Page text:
A nationwide ban on mobile phones sweeps through schools in France following a new law by the government.
The new rule which was brought in under a law passed in July, forbids students from using their mobile phones in school.
The rule took effect on Monday as schools reopened after summer break and also banishes tablets and smart watches for primary and junior schools.
For high school students aged 15 to 18, a partial or total ban on electronic devices can be introduced; it is however, not obligatory.
Education Minister Jean-Michel Blanquer hailed the legislation as “a law for the 21st century” that would improve discipline among France’s 12 million pupils.
“Being open to technologies of the future doesn’t mean we have to accept all their uses,” he said in June, as the bill was going through parliament.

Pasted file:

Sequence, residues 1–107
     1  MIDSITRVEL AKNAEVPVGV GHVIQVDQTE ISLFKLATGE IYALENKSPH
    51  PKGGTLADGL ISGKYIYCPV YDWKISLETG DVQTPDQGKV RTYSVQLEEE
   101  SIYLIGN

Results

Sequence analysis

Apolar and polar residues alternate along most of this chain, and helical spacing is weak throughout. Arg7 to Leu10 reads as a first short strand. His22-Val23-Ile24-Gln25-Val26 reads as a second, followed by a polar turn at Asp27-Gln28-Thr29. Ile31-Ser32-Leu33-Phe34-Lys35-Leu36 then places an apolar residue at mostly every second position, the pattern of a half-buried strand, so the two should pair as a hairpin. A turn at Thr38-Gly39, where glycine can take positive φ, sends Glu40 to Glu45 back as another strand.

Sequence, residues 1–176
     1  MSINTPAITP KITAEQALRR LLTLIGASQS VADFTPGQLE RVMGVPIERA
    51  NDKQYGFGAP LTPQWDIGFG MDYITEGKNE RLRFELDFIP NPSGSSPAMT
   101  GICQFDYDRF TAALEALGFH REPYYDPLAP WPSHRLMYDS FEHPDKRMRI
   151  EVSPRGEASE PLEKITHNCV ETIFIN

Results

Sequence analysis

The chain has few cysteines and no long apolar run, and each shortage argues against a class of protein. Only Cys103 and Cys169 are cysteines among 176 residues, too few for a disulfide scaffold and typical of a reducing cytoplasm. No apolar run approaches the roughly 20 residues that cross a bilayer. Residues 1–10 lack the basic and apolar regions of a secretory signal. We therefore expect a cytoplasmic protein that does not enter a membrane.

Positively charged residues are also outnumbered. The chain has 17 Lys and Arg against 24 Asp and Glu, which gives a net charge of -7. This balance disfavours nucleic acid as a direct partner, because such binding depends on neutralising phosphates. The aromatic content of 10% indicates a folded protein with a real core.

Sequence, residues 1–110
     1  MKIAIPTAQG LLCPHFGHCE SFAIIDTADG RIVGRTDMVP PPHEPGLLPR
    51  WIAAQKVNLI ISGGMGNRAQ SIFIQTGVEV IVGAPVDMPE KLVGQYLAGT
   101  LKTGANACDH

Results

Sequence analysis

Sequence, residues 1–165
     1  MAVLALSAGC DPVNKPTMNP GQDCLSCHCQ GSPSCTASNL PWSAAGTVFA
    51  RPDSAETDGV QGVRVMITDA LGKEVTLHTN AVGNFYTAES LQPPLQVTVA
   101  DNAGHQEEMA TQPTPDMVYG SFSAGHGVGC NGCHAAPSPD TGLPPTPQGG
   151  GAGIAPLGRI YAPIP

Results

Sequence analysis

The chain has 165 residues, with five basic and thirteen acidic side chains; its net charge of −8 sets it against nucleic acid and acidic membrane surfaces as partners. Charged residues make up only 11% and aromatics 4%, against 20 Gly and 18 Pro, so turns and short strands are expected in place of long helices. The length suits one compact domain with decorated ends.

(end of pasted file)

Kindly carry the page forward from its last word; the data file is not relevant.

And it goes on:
The French government hopes the law will help stop students being distracted by their phones during class.
Supporters of the law also hope the new rule will encourage school children to be more physically active during lunchtime and help tackle cyber bullying.
Critics of the new law however question how it will be enforced.
Although the government has left schools to decide how to implement the new rules; recommending that they store students’ phones in lockers during the day, some schools don’t have them.